Felony Charges Dropped in Dominick Black Plea Agreement, Judge Agrees
Article first appeared on Ammoland.com
U.S.A. –-(AmmoLand.com)-— Dominick Black is the young man who purchased the rifle used by Kyle Rittenhouse in his self-defense shooting on August 25 in Kenosha, Wisconsin.
Rittenhouse killed two people in self-defense and wounded a third. A jury in a nationally publicized trial found Rittenhouse NOT GUILTY of all charges. Because the killings took place during the riots in Kenosha, Wisconsin, and multiple devices were capturing video, nearly all of the events were on video and viewed by the Jury.
Rittenhouse was charged with illegal possession of a dangerous weapon by a person under the age of 18 very quickly. That charge was eventually dismissed by the judge because the rifle Rittenhouse carried did not qualify as a dangerous weapon under longstanding Wisconsin law.
As the rifle carried by Kyle Rittenhouse was not found to be a dangerous weapon under Wisconsin law, Dominick Black could not be found guilty of supplying a dangerous weapon to a person under the age of 18, where the discharge of the weapon resulted in someone’s death. Two counts of this charge were filed by ADA Binger.
Judge Bruce Schroeder is the judge who presided over both cases. It was highly unlikely Judge Schroeder would rule against himself.
The lead prosecutor in the case, Assistant District Attorney T. Claire Binger, was harshly criticized for his role in the case. Binger was believed to take the case for ideological purposes. He has been criticized for being “personally involved” in the case.
In negotiations between Black’s attorney and Binger, Binger worked to salvage something for his reputation. He offered a fine of $2000 for a plea of no contest to a civil charge of “contributing to the delinquency of a child”. The charge does not carry any criminal penalty.
Binger backed the carrot of a relatively minor, non-criminal fine, with the threat of significant lawyers fees during an appeal, if Judge Schroeder simply dismissed the now untenable weapons charges. From 41nbc.com:
Binger told Schroeder on Monday that he anticipated the judge would have dismissed the felony counts against Black based on that decision. He also told Schroeder that he didn’t agree with his interpretation of state law and suggested the district attorney’s office might appeal that ruling.
While the prosecutor’s office would almost certainly lose the appeal, it would cost Binger nothing, and the Black family considerably more than $2,000, to fight it. There is always the possibility a politically oriented appeals panel might find in Binger’s favor.
ADA Binger has been reliably hard-core against the right to keep and bear arms in Wisconsin.
In 2016, Wisconsin Carry helped defend Guy A. Smith in a case involving the Wisconsin Constitutional Amendment to keep and bear arms. The Amendment was passed in 1998 and is very clear. It passed with 74% of the vote. From Article I Section 25:
The people have the right to keep and bear arms for security, defense, hunting, recreation or any other lawful purpose.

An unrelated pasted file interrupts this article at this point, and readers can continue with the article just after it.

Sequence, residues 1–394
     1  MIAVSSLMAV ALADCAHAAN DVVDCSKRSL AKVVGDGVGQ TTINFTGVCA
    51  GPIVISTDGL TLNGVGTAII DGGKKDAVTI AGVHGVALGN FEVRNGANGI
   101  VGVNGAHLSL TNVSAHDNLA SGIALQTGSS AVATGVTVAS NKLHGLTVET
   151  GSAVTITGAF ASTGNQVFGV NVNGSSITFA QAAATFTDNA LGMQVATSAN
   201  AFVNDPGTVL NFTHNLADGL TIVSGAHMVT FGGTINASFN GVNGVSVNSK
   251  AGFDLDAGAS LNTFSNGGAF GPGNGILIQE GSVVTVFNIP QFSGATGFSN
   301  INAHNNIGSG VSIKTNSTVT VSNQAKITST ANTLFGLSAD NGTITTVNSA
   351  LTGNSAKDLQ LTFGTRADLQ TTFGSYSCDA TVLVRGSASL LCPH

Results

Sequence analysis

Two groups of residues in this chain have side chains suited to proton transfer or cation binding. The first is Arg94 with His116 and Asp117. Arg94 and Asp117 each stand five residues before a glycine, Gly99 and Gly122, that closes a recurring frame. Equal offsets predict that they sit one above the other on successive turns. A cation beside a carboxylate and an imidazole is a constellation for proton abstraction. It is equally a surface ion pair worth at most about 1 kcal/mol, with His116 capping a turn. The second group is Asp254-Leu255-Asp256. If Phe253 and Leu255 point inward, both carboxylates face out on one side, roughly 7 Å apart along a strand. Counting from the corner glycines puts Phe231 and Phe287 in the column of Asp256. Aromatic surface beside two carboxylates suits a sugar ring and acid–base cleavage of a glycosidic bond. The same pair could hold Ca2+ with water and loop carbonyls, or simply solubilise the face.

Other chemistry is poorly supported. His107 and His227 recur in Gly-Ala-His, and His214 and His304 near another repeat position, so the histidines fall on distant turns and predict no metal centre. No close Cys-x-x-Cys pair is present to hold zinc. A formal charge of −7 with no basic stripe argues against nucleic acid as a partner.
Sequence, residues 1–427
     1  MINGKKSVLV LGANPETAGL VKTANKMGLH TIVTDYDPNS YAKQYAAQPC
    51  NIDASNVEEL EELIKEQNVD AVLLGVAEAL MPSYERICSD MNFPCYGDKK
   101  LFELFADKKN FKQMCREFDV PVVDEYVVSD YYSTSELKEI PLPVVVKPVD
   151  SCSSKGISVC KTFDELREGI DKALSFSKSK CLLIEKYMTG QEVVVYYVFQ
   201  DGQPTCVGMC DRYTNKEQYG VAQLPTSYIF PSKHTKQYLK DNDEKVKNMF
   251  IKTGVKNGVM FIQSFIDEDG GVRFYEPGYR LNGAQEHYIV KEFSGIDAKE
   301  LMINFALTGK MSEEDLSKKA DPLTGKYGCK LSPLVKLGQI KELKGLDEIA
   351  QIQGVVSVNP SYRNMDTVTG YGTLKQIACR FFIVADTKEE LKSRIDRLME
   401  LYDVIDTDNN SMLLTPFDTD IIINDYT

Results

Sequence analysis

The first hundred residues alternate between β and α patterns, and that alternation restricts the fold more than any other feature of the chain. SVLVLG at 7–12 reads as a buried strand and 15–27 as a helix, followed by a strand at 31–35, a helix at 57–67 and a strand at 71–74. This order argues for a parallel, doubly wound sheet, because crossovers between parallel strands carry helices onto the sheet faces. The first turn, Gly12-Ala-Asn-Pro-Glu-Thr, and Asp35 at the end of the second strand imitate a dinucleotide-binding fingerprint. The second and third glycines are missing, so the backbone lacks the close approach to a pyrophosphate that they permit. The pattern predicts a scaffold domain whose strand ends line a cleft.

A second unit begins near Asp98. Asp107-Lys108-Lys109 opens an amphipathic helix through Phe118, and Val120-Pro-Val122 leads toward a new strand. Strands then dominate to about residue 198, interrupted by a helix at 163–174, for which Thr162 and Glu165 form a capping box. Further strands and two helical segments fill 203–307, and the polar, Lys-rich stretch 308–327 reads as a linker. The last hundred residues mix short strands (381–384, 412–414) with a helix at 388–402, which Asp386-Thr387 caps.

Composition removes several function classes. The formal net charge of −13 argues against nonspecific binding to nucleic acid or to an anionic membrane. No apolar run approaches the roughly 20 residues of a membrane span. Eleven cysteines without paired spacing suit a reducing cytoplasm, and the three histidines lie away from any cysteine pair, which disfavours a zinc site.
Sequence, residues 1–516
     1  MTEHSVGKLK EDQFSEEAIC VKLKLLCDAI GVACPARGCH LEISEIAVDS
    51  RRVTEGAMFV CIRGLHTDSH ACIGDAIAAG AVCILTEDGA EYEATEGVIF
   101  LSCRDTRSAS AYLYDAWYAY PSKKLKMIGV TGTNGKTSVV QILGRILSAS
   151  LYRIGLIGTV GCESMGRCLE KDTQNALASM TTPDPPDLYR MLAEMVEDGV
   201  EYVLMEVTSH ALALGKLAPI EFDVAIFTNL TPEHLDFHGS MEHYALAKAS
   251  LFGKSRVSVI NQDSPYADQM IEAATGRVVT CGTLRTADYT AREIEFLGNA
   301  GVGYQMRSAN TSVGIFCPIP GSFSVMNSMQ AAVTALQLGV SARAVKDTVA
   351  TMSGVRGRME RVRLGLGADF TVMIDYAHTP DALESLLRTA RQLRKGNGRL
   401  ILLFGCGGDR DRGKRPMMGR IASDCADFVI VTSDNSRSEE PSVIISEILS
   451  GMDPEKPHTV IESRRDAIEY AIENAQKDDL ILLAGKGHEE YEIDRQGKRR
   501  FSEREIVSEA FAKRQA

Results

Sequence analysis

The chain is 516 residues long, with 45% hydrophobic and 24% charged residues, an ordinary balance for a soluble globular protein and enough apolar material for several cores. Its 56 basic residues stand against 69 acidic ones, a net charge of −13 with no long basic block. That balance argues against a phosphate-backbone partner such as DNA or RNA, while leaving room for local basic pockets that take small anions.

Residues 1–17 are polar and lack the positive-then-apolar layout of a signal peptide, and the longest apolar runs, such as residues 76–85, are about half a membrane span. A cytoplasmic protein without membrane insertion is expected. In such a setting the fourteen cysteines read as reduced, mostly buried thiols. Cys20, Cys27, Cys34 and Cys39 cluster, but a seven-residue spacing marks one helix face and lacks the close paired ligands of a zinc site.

Smith and his attorney insisted on a jury trial. The Wisconsin statute in question says:
” … no person may place, possess, or transport a firearm, bow, or crossbow in or on a vehicle, unless one of the following applies: 1. The firearm is unloaded or is a handgun.”
The firearm in this case was a handgun. Binger used a very similar argument to what he used in the Rittenhouse case. From jsonline.com:
The defense position “would suggest anyone without a permit can drive around with a loaded weapon in the vehicle,” Binger said. “I decline to read the statute so broadly.” He said Wisconsin’s concealed carry law, Act 35, would have no meaning.
“No meaning in cars,” Circuit Judge Bruce Schroeder clarified.
Yes, it was the same Judge Bruce Schroeder in the 2016 case as presided over the Rittenhouse trial and the Black plea agreement.
In the handgun in a car-case, Prosecutor Binger waited until the last possible moment before the trial began, costing the defense the maximum amount of money. On August 28, just as jury selection began, T. Claire Binger asked the case be dismissed and the defendant be acquitted. The case was dismissed, and no precedent was to be set.
It became clear, however, that T. Claire Binger was unwilling to accept that Wisconsin residents have a right to keep and bear arms. It is the default position of Progressives everywhere, not just in Wisconsin.
Judge Schroeder reduced the fine to $1,500 and court costs, which brought it back to about $2,000.
Judge Schroeder then signed off on the plea deal for Dominick Black. No criminal record, and a fine equivalent to about 8 hours of attorney fees.
There would be no appeal of the dismissal of felony charges.
About Dean Weingarten:
Dean Weingarten has been a peace officer, a military officer, was on the University of Wisconsin Pistol Team for four years, and was first certified to teach firearms safety in 1973. He taught the Arizona concealed carry course for fifteen years until the goal of Constitutional Carry was attained. He has degrees in meteorology and mining engineering, and retired from the Department of Defense after a 30 year career in Army Research, Development, Testing, and Evaluation.